So Dr. Kessler, these may be reasons to talk to your doctor about your anxiety. But for our listeners who may experience some mild feelings of stress or worry around the holidays, and maybe they are reluctant to talk to anyone about them yet, can you tell us about coping with anxiety, and specifically for coping with anxiety during the holidays?

Dr. Kessler:

Sure, There are definitely some steps you can take to manage mild anxiety. 

Probably the most important thing is self care and self awareness. Many people overlook taking care of themselves during this season, which is often about giving to others. But you have to be aware of how you’re feeling, and take care of your mental and physical health during this time. 

So here are 6 things that we can all do, to try to stay healthy and happy this holiday and keep anxiety at bay.

Number 1 - Adequate hydration

Don’t forget to drink 8-10 glasses of water each day. When you are dehydrated, you won’t feel your best. Also keep in mind drinks like coffee and alcohol may contribute to anxiety so it can be helpful to limit or cut out caffeine and alcohol for a time.

Number 2 - Good nutrition

Stress can cause changes in your metabolism, or how you burn energy.  Skipping meals leads to spikes and drops in blood sugar that can wreak havoc on your system. It is important to eat regularly and maximize your nutrient intake with healthy foods. Taking a multivitamin won’t hurt either.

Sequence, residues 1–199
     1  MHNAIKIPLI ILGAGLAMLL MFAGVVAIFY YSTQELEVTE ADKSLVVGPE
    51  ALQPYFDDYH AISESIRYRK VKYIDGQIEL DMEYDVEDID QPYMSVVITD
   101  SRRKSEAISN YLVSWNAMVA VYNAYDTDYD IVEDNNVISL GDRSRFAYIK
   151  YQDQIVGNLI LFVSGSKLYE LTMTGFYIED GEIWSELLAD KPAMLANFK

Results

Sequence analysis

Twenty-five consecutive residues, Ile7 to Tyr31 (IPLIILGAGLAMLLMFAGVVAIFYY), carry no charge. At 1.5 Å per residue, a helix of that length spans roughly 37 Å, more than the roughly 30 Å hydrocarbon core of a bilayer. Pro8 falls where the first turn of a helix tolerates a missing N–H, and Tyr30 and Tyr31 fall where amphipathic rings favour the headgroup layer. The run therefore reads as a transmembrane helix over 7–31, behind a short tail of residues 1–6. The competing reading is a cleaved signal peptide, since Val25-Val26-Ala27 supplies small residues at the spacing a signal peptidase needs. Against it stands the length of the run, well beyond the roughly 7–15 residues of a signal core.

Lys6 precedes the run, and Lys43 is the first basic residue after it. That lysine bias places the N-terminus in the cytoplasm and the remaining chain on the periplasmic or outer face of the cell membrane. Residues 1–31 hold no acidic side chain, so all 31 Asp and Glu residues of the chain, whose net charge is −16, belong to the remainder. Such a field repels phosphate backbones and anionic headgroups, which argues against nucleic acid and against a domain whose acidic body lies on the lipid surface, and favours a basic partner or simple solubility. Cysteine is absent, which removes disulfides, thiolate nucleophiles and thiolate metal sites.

Number 3 - Get enough sleep

National Sleep Foundation guidelines say that the average adult needs seven to nine hours of sleep. Staying up late at holiday parties and getting up early to wrap presents can be detrimental to your health. Practice good sleep hygiene by setting a bedtime and sticking to it when you can.  

Number 4 - Exercise

Studies show that physical activity is excellent for mental health. If you find yourself anxious or worried take a walk or a jog, practice yoga, whatever physical activity that you find enjoyable. 

Number 5 - Stay connected to others

Social isolation can be a symptom of anxiety and may also trigger it. During the holiday season, make it a point to stay connected to family and friends. Communicate by phone or in person when possible. When separated from loved ones, look for settings where you can volunteer. Many charities offer opportunities to serve. Being with others can suppress feelings of anxiety or depression. It is helpful to share feelings with others and reach out when you can.

Number 6 - Be intentional with your schedule

Set boundaries with your time, and don’t feel about declining invitations if they cause stress, anxiety, or depression. Limit events that cause excessive worry. You want to be connected, but you also want to be selective in some way, and make the best of your holiday season. It can also be helpful to stick to your normal routine. Change can cause stress so just be aware of that.

Stefanie:

Thank you Dr. Kessler, you have given us some great tips for coping with anxiety during the holidays. 

I appreciate you joining us for Talk Tuesday and telling us what we need to know about anxiety. For everyone else joining us as well, this has been Talk Tuesday with MyVirtualPhysician. If you would like to talk with one of our board-certified physicians about your health concerns, you can check out our website at www.myvirtualphysician.com. We look forward to talking with you again, and we hope you have a great week.